I love making to do lists, especially in the beginning of a new year. It’s easy to become excited about the new goals and ideas that come from the possibilities of a new beginning. What’s not easy to do though is to create a “stop doing” list.
A stop doing list is exactly what it sounds like. It’s a list of things that you’ll stop doing in the New Year. When used properly, it can be quite powerful in making you more productive. What makes it powerful? By stop doing certain things that aren’t working, you can provide capacity and time to do more of things that are working.
Before you begin creating a list of goals and ideas for your church’s social media list, you need to consider creating a stop doing list for your church. That’s right, a list of things that your church’s social media needs to stop doing this next year. Think about it for a second, aren’t there a list of things that you know you need to stop doing to make your church’s social media more effective?
Making a stop doing list for your church’s social media is key to setting your church up for success in the New Year. It’s not always easy to do, but it does free your church up to achieve more. If you want to create a stop doing list for your church, I’ve already started one for you. Below you find five things right now that your church needs to stop doing to in order to have successful year. Read through the list below and ask yourself, what would happened if our church stop doing these things with our social media?
Stop Chasing Numbers
It’s easy to become caught-up in the numbers game. How many likes does your Facebook page have? How many Twitter followers do you have? While these numbers can be good indicators of how your social media strategies are working, they don’t always tell the true story.
Yes, you should know your numbers. However, remember that the essence of social media is about connecting with people on a personal level. This means building relationships one at time and that’s not easy. You can’t do this on a mass level or automate this. You and your church have to be human on social media. You need to maintain a personal element in everything your church does.
Stop Joining the Latest Social Networks
Snapchat, Yo, and Snarkle. Yes, it’s fun to be on the latest social networks (okay, I made that last one up). However, they can sometimes be more hassle then they’re worth. Sometimes, they’re not stable (remember the Twitter fail whale?) or they haven’t really figured how they’re going to make money. Either way, new social media networks should be carefully vetted before joining them.
Stop Abandoning Your Content Calendar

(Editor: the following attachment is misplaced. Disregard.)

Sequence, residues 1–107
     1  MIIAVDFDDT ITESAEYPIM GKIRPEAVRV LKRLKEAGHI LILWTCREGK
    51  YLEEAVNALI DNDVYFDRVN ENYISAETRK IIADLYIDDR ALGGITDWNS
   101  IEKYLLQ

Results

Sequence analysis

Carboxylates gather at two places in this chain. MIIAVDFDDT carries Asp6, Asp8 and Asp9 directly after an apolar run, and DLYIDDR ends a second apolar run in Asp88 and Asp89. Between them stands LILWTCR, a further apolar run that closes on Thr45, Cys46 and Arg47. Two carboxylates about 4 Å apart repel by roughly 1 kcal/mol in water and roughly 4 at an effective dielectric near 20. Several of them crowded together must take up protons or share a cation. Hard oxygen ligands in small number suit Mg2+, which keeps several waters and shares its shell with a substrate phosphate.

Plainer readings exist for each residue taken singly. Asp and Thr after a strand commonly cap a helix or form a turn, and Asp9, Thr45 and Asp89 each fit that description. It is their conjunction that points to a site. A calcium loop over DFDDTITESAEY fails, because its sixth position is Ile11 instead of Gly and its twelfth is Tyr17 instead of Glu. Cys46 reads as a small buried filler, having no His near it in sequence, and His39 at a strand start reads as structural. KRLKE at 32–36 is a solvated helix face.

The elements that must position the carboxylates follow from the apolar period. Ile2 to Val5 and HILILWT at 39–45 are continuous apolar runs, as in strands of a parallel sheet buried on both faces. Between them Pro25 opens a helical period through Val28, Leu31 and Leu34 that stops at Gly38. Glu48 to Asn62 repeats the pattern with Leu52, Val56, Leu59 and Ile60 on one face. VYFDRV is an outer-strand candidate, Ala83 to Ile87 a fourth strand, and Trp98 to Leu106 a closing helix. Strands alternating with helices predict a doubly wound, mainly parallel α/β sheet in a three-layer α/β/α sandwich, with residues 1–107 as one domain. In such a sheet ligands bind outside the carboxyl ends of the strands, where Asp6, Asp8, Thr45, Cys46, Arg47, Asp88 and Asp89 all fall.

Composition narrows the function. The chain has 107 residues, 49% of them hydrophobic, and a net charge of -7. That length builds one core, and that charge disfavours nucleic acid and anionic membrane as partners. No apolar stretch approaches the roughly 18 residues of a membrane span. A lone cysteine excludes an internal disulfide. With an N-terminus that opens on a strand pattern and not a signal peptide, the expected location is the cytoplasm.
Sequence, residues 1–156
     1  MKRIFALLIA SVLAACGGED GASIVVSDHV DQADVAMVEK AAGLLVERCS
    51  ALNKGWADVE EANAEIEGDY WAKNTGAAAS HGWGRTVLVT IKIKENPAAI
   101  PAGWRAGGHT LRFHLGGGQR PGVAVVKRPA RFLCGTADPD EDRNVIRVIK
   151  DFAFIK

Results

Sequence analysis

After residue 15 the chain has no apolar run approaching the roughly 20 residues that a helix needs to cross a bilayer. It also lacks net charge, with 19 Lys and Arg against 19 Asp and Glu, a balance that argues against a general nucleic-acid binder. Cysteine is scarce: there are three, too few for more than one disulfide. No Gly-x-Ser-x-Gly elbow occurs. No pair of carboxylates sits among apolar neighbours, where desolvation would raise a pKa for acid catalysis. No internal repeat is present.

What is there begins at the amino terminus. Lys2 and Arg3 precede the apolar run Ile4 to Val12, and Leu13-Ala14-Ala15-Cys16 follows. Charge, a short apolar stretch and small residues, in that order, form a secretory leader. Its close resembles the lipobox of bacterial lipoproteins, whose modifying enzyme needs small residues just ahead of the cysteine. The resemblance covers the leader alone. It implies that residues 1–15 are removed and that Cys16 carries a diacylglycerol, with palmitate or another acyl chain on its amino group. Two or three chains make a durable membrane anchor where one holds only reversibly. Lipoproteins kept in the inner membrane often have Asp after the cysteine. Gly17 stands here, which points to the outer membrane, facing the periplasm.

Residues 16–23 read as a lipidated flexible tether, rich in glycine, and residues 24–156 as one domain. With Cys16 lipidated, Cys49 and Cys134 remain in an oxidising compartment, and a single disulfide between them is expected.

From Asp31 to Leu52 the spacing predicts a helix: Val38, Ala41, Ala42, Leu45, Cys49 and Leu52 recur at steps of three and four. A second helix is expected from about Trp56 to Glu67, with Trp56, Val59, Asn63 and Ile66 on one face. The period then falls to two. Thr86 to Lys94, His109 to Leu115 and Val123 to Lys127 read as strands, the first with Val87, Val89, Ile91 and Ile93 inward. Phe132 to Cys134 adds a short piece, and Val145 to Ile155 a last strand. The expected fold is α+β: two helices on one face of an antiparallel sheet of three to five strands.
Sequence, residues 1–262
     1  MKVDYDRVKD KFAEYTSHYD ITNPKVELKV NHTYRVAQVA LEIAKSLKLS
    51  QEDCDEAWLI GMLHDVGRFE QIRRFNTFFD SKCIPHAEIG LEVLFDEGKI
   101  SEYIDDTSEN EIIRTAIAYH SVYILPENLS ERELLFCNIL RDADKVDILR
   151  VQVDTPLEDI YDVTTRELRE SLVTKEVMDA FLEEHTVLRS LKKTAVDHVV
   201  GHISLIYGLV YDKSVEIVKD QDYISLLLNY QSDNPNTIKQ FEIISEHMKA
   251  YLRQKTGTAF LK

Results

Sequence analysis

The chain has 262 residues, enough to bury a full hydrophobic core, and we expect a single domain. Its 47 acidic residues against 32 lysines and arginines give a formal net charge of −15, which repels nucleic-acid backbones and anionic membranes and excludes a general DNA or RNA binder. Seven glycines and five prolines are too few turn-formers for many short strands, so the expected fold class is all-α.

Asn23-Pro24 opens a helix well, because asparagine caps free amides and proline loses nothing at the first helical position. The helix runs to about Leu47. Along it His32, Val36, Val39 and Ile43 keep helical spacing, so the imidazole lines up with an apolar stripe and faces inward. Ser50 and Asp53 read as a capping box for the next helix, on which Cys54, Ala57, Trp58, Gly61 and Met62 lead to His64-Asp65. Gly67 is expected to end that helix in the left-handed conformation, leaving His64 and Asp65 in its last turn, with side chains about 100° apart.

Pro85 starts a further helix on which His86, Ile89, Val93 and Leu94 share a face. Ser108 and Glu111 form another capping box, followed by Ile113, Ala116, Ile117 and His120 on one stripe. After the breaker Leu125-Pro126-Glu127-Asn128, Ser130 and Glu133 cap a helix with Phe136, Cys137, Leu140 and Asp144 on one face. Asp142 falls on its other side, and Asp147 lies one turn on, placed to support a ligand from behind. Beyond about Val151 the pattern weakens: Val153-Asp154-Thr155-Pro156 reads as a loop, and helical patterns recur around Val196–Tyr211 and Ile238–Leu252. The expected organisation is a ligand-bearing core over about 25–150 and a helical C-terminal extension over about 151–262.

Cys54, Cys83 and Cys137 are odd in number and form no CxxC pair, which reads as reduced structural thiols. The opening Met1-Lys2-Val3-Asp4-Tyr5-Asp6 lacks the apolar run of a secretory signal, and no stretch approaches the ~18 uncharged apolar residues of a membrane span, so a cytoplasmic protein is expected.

When things don’t go right, your first option may be to go off your social media calendar (you have social media calendar, right?). It’s easy to panic and try to go for a quick win, instead of taking a deep breath and determining what’s not working and why.
If your social media plan is not working, don’t abandon it for cheap tactics. Instead, stick to what you’ve planned and see it through. Once you’ve worked your plan, then take the time to review and determine what you need to do better (you can do this during your end of the year social media review).
Stop Focusing on Yourself
Social media isn’t about you. It’s easy to focus on your church and generating content that just focuses on itself. However, if all your social media points to you and your church, then that’s not very social is it?
Instead of focusing on your church, try focusing your members instead. You can do this through stories, photo tagging, and highlighting key moments in your church members life (what would it look like if your social media accounts wished every single church member happy birthday?).
Stop Just Posting Announcements
One of things that I learned early in my job was that it’s very easy to take the church bulletin and just use it for your social media content. In fact, I think this is the strategy for most churches. While this may seem like a good idea from a marketing stand point, it really adds little value for your audience. Remember to tell stories not bullet points.
Creating a stop doing list is like spring cleaning. It’s an opportunity to create space to do this most important things that really matter for your church. I challenge you to begin creating a stop doing list and give yourself the capacity have a great new year.
What does your church need to stop doing this year? Click here to share below.